45 Impressions of Your Advisor (36 items) Advisors traits and characteristics Rating scale: –Strongly agree (5) –Agree (4) –Neutral (3) –Disagree (2) –Strongly disagree (1)

46 Items with the lowest mean agreement ratings were: Takes the initiative in arranging meetings with me (3.44) Encourages my involvement in extracurricular activities (3.52) Encourages me to talk about myself and my college experiences (3.58) Helps me explore careers in my field of interest (3.60) Anticipates my needs (3.68)

47 Items with the highest mean agreement ratings were: Respects my right to make my own decisions (4.23) Keeps personal information confidential (4.22) Is a good listener (4.18) Is approachable and easy to talk to (4.17) Has a sense of humor (4.16) Respects my opinions and feelings (4.15) Provides a caring and open atmosphere (4.11)

48 Summary of Student Opinions of Faculty Advisors 1.Faculty advisors would do well in focusing on those advising needs with the highest percentages of students responding "have not discussed, but should have." 2.Faculty advisors are satisfactorily meeting student needs. 3.Students have favorable impressions of the traits and characteristics of their faculty advisors.

49 IF practices which support faculty advising are far from exemplary, YET student satisfaction with and impressions of their faculty advisors are moderately favorable, THEN what impact would faculty advising have on students and institutions if practices were enhanced?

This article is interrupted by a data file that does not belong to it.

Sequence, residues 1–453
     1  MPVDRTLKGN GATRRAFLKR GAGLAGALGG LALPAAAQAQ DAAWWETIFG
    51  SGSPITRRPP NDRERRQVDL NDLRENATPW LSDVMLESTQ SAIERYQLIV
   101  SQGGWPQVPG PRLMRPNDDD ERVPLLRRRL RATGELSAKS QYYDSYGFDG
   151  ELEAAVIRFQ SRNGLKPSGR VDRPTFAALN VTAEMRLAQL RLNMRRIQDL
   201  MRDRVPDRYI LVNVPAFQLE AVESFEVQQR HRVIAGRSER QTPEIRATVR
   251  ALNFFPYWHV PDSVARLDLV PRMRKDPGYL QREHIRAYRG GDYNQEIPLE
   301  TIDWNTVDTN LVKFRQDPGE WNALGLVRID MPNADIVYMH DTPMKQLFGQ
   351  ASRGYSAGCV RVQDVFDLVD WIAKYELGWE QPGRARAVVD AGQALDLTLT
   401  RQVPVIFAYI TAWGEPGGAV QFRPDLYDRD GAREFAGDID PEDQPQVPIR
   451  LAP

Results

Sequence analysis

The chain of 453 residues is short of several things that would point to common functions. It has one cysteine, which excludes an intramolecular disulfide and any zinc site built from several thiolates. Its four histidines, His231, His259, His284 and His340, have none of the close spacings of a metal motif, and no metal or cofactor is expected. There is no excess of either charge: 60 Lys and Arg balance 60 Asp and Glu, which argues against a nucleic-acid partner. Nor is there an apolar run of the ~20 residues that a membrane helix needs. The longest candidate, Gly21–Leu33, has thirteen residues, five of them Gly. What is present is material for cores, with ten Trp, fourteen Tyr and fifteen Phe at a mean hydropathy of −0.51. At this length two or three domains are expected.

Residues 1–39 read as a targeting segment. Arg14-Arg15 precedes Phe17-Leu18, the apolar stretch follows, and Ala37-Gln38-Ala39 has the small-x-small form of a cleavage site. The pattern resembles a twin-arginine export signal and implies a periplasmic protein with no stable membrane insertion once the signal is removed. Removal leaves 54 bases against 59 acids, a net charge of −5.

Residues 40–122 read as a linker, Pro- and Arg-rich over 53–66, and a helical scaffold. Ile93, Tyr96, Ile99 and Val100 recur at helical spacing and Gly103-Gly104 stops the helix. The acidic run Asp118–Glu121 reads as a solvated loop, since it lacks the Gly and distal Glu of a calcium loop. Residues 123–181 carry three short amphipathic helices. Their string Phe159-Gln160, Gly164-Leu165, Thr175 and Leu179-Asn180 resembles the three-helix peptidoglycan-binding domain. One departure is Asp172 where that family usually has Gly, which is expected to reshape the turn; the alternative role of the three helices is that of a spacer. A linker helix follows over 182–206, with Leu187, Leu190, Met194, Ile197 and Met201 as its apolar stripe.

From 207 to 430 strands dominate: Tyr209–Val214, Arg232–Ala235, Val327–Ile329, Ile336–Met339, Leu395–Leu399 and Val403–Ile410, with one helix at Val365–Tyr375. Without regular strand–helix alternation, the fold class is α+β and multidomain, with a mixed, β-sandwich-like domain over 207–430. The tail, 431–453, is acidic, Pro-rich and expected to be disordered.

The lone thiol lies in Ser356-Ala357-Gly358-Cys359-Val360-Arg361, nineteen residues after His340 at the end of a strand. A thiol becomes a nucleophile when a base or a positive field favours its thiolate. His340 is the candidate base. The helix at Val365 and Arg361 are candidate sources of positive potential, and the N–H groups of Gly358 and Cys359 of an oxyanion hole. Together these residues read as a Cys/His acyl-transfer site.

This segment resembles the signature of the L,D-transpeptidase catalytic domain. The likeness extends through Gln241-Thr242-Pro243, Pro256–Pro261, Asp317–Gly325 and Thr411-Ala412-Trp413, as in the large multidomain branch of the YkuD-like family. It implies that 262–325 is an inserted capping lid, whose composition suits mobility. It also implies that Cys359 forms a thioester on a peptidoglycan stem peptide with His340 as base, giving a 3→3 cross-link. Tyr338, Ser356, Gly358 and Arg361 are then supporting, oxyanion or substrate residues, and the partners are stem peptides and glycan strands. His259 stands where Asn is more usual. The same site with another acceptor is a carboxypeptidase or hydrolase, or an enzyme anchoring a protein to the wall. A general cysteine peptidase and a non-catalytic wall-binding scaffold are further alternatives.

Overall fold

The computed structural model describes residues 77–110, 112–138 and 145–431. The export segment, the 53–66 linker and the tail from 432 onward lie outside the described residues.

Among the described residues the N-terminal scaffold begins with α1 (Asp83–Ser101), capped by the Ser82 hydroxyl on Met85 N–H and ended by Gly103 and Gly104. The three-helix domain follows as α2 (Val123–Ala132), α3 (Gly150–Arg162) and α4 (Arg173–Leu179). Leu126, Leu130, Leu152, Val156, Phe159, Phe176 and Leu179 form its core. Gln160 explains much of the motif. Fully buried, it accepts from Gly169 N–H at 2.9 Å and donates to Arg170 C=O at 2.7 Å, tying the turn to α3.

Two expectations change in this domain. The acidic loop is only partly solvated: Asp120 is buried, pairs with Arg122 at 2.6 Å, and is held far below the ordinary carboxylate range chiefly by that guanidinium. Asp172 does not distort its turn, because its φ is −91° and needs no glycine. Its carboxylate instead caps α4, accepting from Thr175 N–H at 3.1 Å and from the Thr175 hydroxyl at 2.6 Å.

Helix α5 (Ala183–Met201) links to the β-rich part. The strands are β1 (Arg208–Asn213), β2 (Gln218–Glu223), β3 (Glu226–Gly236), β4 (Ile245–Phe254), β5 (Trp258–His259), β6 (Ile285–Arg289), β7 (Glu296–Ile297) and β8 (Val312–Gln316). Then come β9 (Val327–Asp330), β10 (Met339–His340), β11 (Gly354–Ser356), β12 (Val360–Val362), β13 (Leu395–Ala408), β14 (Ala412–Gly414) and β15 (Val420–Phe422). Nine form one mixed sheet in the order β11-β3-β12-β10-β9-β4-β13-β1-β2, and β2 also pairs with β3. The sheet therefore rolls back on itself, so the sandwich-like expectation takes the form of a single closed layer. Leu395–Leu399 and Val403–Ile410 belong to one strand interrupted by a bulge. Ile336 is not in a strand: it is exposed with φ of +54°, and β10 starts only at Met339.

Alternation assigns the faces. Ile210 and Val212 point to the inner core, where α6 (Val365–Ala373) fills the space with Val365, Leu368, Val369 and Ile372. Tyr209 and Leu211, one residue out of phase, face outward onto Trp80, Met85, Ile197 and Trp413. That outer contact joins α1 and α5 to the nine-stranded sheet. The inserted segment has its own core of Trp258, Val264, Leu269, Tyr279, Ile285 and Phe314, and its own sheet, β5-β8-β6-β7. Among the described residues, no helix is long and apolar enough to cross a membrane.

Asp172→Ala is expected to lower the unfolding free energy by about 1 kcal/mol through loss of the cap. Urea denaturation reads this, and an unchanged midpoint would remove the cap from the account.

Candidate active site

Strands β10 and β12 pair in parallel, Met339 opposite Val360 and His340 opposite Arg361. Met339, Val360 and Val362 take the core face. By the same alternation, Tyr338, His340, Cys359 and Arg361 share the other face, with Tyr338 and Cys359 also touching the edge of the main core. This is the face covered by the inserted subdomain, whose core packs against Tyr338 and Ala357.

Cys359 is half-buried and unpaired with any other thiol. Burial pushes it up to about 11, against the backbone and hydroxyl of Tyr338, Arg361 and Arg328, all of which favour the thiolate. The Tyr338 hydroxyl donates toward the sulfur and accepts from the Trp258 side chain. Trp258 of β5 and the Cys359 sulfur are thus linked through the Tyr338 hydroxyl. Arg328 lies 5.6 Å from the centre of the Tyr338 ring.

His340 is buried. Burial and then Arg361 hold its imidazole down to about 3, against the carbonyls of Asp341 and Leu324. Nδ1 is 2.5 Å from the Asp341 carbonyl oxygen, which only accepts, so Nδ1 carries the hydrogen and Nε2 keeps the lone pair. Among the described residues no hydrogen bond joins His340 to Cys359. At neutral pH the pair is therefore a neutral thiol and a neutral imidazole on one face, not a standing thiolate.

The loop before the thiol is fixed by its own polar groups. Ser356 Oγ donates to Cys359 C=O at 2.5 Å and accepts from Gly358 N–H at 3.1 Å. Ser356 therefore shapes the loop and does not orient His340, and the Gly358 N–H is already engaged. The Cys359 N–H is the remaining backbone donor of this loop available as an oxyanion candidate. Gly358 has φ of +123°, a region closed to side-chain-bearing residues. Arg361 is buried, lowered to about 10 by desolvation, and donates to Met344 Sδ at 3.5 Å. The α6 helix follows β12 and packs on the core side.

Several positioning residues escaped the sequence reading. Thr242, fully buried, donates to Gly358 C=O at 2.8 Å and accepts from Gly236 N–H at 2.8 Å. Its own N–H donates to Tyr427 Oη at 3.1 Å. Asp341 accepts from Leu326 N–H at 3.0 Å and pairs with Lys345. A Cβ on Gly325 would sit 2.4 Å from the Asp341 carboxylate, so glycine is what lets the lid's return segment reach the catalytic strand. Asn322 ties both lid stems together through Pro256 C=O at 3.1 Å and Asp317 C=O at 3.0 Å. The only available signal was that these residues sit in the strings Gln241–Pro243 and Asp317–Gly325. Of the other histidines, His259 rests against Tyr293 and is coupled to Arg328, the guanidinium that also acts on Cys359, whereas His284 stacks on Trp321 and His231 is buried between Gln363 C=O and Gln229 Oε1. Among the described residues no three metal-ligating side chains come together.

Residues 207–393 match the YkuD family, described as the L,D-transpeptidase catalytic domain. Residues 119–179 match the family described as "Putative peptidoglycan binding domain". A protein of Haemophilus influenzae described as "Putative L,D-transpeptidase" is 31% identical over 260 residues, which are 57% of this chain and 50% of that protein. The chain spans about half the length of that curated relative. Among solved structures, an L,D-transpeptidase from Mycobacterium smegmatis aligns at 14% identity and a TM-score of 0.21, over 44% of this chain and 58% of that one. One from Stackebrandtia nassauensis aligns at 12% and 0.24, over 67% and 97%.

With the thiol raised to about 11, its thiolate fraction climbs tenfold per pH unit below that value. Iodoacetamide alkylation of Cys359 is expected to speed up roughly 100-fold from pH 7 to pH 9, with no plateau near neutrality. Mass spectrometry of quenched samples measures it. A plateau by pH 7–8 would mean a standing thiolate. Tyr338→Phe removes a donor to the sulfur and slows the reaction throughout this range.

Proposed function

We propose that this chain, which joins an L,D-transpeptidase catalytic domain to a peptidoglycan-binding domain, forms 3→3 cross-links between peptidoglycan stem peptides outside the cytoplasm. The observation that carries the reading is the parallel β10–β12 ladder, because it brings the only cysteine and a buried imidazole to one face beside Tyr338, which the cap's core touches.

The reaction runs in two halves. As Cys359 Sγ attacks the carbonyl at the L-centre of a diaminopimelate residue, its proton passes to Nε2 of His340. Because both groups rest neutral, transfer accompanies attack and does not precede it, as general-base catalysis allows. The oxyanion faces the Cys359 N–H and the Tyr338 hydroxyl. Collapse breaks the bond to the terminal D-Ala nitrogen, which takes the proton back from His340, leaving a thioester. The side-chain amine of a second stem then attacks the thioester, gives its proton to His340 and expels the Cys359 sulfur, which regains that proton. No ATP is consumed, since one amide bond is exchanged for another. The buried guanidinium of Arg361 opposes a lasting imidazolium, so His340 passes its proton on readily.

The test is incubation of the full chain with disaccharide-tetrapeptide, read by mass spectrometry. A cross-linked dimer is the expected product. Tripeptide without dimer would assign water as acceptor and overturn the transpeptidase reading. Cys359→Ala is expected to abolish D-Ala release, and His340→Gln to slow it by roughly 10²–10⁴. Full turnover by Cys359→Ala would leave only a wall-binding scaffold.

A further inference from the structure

50 Recommendations for Faculty Advisors Develop strategies which: Increase student contact with faculty advisors Involve more faculty advisors in comprehensive training Assess the effectiveness of faculty advisors Reward exemplary performance by faculty advisors (continued)

51 Encourage faculty advisors to: Recommendations for Faculty Advisors (cont.) Become more active in outreach to students Become better at anticipating student issues and concerns Seek ways to personalize the advising relationship with each advisee Help students connect with all facets of the campus community Help students explore the external contexts related to their college experiences

52 IMPORTANCE OF A MISSION STATEMENT

53 What is a mission statement? A mission statement describes…. – Our reason for being – Who we serve – What we hope to achieve

54 Why do we need a mission statement? A mission statement guides the decisions we make about what we do and how we accomplish what we do

55 MISSION STATEMENT

56 GOALS/OUTCOMES

57 MISSION STATEMENT GOALS/OUTCOMES Advising Program Strategies and Criteria

58 MISSION STATEMENT GOALS/OUTCOMES Advising Program Strategies and Criteria Organization

59 MISSION STATEMENT GOALS/OUTCOMES Advising Program Strategies and Criteria OrganizationDelivery Roles/ Responsibilities

60 MISSION STATEMENT GOALS/OUTCOMES Advising Program Strategies and Criteria OrganizationDelivery Roles/ Responsibilities Training and Tools